Psychological and biological challenges of the Mars mission viewed through the construct of the evolution of fundamental human needs

Konrad Szocik, Steven Abood, Mark J Shelhamer

Research output: Contribution to journalArticle

Abstract

The environment of a deep-space Mars mission represents a genetic, epigenetic, and psychological mismatch to the terrestrial environment in which humans evolved. Potential psychological and biological challenges of this mismatch have been gleaned from simulations in space-analog facilities, polar expeditions, and missions served on the International Space Station. Optimal performance and welfare of crew members will depend on successful adaptation to these challenges, which in turn depends on the satisfaction of fundamental human needs. These fundamental human needs – drawn from Maslow's hierarchy of needs – include physiological, security, relationship, and existential needs. The satisfaction of each need over the course of a protracted space mission will require the crew to overcome novel psychobiological obstacles for which they must be prepared. Of particular concern will be the rigors of an isolated environment out of sight from the travelers’ terrestrial home, leading to stress-induced depression of the immune system and potential psychological pathologies. A rationally designed mission environment that utilizes technology and measures such as biophilia to optimize the fulfillment of each human need could bolster the psychobiological resilience necessary for a successful odyssey.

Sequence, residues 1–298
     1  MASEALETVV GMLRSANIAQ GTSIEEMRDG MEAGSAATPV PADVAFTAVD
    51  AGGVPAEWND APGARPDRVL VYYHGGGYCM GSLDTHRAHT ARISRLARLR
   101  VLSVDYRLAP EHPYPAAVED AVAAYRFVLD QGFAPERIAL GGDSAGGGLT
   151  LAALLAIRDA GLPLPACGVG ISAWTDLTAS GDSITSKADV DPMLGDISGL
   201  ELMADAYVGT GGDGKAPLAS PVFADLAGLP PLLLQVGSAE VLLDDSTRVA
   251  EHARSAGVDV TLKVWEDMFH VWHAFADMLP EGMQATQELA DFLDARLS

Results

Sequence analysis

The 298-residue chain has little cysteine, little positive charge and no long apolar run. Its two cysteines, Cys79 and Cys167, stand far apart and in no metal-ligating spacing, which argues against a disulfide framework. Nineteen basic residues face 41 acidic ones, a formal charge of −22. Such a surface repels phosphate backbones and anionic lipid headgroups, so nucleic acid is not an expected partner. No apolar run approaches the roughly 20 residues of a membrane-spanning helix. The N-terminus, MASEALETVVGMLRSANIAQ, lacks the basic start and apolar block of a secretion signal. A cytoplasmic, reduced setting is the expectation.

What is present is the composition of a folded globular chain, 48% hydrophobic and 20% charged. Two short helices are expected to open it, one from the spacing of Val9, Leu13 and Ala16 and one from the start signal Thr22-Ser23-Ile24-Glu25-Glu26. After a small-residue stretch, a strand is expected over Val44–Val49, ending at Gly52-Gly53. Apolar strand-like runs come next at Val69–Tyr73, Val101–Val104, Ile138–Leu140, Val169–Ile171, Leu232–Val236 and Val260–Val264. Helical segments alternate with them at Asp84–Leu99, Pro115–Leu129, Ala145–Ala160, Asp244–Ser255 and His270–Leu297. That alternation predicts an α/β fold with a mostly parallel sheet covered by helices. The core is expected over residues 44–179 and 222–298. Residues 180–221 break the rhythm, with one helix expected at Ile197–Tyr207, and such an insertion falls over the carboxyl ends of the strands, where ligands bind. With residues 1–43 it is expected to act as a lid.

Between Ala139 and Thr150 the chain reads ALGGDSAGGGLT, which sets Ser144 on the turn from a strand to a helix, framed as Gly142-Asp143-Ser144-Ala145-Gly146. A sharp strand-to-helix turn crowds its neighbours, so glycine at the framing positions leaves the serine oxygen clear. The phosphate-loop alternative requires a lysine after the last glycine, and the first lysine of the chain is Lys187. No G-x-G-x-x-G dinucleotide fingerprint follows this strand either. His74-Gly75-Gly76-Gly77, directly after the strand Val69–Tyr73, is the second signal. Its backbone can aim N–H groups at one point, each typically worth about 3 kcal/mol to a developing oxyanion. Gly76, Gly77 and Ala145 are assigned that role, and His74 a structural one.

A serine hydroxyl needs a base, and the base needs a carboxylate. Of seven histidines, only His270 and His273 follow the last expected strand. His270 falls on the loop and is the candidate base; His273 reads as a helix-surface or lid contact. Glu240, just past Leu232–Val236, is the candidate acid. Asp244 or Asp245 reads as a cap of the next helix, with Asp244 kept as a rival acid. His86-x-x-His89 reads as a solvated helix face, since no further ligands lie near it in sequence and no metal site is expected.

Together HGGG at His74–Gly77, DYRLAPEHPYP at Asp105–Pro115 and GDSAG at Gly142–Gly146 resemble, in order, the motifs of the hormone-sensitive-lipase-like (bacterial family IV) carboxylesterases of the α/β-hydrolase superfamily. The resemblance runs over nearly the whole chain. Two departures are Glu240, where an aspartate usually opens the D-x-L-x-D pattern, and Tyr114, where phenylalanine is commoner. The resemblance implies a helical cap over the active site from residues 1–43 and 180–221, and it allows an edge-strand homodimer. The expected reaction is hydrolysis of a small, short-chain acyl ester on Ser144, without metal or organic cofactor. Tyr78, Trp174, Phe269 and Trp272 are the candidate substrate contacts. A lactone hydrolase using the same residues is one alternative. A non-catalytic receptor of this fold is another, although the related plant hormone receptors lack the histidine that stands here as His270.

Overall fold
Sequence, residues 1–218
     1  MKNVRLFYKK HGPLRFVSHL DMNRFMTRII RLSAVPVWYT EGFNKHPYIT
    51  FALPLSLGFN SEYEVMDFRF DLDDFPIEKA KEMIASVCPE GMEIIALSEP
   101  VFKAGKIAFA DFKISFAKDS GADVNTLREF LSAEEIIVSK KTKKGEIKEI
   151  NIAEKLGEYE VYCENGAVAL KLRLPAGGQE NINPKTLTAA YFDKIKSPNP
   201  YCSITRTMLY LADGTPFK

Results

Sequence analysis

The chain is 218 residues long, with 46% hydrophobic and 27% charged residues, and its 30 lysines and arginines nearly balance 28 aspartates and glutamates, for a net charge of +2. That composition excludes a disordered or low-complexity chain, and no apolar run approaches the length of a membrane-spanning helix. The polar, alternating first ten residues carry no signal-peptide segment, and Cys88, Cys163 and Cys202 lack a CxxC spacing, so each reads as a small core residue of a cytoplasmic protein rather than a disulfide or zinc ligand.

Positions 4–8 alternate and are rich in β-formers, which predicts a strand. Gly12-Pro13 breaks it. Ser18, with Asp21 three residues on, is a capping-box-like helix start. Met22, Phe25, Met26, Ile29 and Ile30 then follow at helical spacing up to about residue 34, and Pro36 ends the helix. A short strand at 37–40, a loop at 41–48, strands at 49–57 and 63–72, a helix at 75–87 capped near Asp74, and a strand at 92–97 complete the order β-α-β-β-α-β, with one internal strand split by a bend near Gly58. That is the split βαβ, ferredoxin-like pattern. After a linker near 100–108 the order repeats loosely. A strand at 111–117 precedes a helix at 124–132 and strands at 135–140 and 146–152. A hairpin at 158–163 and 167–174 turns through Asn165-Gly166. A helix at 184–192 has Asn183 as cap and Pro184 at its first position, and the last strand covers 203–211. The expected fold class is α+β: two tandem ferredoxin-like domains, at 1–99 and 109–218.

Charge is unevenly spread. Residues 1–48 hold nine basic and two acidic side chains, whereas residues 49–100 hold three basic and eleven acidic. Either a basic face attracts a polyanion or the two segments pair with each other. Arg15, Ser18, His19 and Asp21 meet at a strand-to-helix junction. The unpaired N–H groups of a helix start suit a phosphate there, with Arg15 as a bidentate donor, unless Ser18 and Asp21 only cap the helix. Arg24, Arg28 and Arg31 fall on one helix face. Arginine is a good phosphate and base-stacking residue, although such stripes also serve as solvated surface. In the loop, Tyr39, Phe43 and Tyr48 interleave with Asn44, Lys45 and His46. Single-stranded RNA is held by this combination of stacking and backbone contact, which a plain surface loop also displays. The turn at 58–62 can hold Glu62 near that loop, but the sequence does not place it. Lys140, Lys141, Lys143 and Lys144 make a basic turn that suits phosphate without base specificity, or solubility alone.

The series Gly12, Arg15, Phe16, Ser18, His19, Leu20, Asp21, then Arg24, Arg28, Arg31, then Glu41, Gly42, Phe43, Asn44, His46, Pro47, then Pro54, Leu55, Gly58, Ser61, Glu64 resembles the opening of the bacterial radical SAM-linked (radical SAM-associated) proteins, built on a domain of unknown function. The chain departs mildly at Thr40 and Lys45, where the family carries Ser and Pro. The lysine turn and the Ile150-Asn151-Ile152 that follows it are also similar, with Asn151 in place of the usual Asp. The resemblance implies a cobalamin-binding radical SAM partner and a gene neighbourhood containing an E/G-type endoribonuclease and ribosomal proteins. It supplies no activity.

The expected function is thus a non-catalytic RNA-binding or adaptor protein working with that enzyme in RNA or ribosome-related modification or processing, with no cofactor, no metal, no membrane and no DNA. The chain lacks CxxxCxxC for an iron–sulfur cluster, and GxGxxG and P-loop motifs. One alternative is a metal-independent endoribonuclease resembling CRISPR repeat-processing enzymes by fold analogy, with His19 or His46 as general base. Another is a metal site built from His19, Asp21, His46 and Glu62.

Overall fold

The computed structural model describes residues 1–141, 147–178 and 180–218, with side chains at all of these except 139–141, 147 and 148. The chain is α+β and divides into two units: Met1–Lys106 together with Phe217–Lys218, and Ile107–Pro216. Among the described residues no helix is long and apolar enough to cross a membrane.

Original languageEnglish (US)
Pages (from-to)793-799
Number of pages7
JournalActa Astronautica
Volume152
DOIs
StatePublished - Nov 1 2018

Keywords

  • Biological challenges
  • Human needs
  • Mission to Mars
  • Psychological challenges

ASJC Scopus subject areas

  • Aerospace Engineering

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